Last Updated on December 1, 2021 by Marco
You may think that dachshunds are just cute and cuddly, but there are some truly “wild” Doxies out there. Meet the Wheaton wire-haired dachshund – a Wild Boar Doxie.
These dachshunds are some of the rarest out there although not quite as much as fully black or English cream dachshunds. In fact, Wheaton dachshunds and many Wild Boar dachshunds are pretty popular in Scandinavia. So, what exactly is the Wheaton wire-haired dachshund, and would that be the best pet for you?
Wheaton Wire-haired Dachshund – What Type Of Doxie Is This?
Wheatons are a special type of wire-haired dachshund. They usually have a sort of golden color with shades of light brown and blonde. The hair on their muzzles and ears is usually darker and they tend to have brown eyes and black noses. Their nails are also usually black which can make trimming tricky.
Most notably, Wheaton Doxies have a very terrier-like muzzle. You can look at it as a result of their wiry coats but other wire-haired dachshunds rarely have such a muzzle. That and the extra bushy eyebrows make Wheatons look like a cross between a dachshund and an Irish terrier. As far as we can tell, however, that’s not the case – wheatons are as much purebred dachshunds as any other Doxie.
All in all, what makes a Wheaton special is:
- Their wiry hair
- Their cool golden/brown/blonde colors
- And their terrier-like face
Are Wheaton Dachshunds “Wild Boars”?
We tossed the term “wild boar” around a few times – what does this mean, exactly?
Wild Boar dachshunds are wire-haired dachshunds with unique coloring. Typically, the color is a mixture of grey, brown, and black. The three colors are meshed together and aren’t divided into a particular pattern. That, plus the wiry texture of these dogs’ hair gives them a very rough, boar-like look.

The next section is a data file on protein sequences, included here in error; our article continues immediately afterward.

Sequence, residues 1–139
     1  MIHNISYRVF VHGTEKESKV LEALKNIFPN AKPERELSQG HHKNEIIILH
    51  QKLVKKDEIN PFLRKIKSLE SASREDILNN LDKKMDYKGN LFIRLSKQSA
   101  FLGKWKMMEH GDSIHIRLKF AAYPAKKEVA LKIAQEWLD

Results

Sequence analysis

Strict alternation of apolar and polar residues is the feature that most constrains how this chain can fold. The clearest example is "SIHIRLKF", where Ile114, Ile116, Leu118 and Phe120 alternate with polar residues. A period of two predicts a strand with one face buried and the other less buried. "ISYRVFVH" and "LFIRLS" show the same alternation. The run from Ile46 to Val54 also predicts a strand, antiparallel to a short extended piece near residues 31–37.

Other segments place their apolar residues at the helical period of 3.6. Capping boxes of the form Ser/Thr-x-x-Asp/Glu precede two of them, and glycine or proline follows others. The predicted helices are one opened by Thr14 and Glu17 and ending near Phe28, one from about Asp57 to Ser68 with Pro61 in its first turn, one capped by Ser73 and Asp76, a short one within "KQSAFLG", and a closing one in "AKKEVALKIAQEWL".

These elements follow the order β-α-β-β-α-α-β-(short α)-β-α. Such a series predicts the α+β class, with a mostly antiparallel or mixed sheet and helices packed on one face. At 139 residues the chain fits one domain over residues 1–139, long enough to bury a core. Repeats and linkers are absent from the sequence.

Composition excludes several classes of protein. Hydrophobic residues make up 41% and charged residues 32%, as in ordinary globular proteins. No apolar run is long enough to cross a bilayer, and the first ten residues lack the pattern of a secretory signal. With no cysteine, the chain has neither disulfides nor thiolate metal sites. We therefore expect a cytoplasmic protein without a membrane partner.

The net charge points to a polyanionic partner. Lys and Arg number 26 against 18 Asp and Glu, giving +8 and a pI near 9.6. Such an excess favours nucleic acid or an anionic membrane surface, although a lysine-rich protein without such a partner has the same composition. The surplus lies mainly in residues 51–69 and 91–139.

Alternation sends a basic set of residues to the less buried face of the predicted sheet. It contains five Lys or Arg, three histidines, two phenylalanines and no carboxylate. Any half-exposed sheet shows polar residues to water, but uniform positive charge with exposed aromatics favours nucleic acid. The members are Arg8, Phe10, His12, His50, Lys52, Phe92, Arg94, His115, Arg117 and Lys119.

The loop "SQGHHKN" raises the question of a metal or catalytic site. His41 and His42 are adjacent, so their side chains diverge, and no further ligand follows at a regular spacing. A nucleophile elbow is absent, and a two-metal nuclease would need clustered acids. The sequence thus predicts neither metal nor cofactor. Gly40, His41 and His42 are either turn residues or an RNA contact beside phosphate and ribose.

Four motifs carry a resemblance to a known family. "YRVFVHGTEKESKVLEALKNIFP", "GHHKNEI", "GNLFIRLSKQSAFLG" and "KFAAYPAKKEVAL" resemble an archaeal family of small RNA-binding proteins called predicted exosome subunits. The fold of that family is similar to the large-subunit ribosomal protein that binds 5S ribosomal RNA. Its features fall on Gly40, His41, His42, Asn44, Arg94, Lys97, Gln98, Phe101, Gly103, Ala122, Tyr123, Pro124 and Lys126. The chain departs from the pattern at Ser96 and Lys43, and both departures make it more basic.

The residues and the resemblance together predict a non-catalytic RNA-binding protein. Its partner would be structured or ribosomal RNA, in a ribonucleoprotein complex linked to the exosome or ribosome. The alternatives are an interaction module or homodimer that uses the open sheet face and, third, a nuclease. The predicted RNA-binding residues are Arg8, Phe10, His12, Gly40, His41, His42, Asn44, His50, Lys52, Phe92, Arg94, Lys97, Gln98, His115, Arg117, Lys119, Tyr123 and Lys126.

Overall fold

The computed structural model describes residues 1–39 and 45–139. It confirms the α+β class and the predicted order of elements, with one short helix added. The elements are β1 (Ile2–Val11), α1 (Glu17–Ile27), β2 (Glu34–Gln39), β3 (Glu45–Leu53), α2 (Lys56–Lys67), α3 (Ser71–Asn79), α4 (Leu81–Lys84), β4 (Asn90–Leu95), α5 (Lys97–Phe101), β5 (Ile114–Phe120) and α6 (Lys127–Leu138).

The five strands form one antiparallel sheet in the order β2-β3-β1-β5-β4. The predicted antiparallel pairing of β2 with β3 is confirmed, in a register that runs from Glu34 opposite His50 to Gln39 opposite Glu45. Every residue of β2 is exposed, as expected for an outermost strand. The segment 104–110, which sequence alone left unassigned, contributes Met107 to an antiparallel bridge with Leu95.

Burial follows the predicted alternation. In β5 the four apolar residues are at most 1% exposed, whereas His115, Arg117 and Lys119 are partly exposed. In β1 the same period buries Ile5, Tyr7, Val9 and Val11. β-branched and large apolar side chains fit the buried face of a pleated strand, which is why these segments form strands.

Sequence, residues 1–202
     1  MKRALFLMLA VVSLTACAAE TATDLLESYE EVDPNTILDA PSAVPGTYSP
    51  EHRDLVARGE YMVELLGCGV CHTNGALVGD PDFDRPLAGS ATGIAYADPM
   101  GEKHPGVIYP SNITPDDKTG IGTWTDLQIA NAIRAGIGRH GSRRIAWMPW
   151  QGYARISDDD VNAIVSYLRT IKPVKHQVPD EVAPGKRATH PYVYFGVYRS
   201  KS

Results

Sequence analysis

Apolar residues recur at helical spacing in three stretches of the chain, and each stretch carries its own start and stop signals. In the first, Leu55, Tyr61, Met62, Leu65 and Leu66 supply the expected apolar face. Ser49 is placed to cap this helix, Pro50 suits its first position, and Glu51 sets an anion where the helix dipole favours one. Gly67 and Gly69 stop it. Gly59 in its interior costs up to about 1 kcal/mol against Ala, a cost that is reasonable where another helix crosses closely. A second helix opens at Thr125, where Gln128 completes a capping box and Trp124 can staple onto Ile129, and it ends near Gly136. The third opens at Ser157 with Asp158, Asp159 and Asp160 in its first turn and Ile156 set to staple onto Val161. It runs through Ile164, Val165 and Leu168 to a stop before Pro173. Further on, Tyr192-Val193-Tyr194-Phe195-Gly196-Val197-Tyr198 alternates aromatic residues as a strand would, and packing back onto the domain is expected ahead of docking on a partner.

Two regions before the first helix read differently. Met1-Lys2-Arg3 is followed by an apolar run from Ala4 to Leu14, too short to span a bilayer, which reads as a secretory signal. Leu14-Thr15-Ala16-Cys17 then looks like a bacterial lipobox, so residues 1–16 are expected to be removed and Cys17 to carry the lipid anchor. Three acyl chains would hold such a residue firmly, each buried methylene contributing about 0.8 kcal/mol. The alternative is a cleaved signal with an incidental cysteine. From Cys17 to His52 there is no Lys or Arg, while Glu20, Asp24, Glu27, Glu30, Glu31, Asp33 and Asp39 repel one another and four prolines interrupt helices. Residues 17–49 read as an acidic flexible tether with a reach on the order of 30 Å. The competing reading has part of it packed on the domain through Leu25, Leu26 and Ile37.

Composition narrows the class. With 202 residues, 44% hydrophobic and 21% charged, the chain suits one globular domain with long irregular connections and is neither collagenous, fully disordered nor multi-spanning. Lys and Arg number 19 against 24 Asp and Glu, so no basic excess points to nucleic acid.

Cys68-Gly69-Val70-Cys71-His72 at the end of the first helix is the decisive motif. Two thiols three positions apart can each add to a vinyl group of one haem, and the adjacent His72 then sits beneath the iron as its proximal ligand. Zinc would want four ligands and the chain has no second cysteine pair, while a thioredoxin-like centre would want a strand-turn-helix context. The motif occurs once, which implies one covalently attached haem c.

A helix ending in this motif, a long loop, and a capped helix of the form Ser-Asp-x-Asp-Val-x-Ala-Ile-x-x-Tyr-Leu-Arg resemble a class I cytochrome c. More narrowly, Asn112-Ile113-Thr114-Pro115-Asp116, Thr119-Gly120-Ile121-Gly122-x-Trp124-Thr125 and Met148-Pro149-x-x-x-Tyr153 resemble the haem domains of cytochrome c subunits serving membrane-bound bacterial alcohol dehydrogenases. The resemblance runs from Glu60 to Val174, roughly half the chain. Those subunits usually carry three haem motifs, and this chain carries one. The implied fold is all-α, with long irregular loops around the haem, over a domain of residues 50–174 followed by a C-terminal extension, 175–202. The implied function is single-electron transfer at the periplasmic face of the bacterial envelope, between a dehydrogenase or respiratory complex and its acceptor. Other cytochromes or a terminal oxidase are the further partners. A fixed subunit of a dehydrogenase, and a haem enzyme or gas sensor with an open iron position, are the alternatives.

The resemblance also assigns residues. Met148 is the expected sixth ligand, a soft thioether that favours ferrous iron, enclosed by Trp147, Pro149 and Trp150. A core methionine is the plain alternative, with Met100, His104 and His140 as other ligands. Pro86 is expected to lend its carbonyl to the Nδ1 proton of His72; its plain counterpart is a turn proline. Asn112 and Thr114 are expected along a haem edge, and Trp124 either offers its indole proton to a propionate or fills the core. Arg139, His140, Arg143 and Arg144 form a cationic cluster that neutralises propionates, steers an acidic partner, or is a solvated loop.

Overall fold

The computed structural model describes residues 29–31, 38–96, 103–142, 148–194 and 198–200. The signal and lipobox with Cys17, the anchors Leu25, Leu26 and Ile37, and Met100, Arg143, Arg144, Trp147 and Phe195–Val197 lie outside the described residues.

The reason we referred to Wheaton wire-haired dachshunds as a type of wild boar dachshund is because that’s exactly what they are. While the color of wild boars is usually identified as black, brown, and grey, they do have various slight color variations as well.
Some wild boars have a more reddish base, others lean more toward black, some are chocolate, and some even have a blueish hue. And then, there are the Wheaton wire-haired dachshunds who have the classic wild boar look but with a more light brown or golden hue. That’s why they are often called “golden dachshunds” together with the otherwise very different English cream “golden dachshund”.
In short, Wheaton wire-haired dachshunds are a type of wild boar dachshund but wild boars are not always Wheatons.
Is A Wheaton Dachshund Always Wire-haired?
Almost but not quite. There are some smooth and long-haired Wheaton dachshunds out there but they are exceptionally rare. Such smooth Wheatons resemble the standard wire-haired Wheaton in almost no way other than the blonde, gold, and brown color (and the fact that they are dachshunds, of course). That’s because “Wheaton” is really just a color type – it’s not a specific Doxie sub-breed or anything like that. Smooth-haired Wheatons don’t have the same wiry coat or terrier-like muzzle and eyebrows.
So, just like there are Wheaton-colored terriers, there’s more than one type of Wheaton dachshund. All in all, when people talk about Wheaton dachshunds they almost always talk about the wire-haired variety. Smooth-haired Wheatons are just too rare anyway.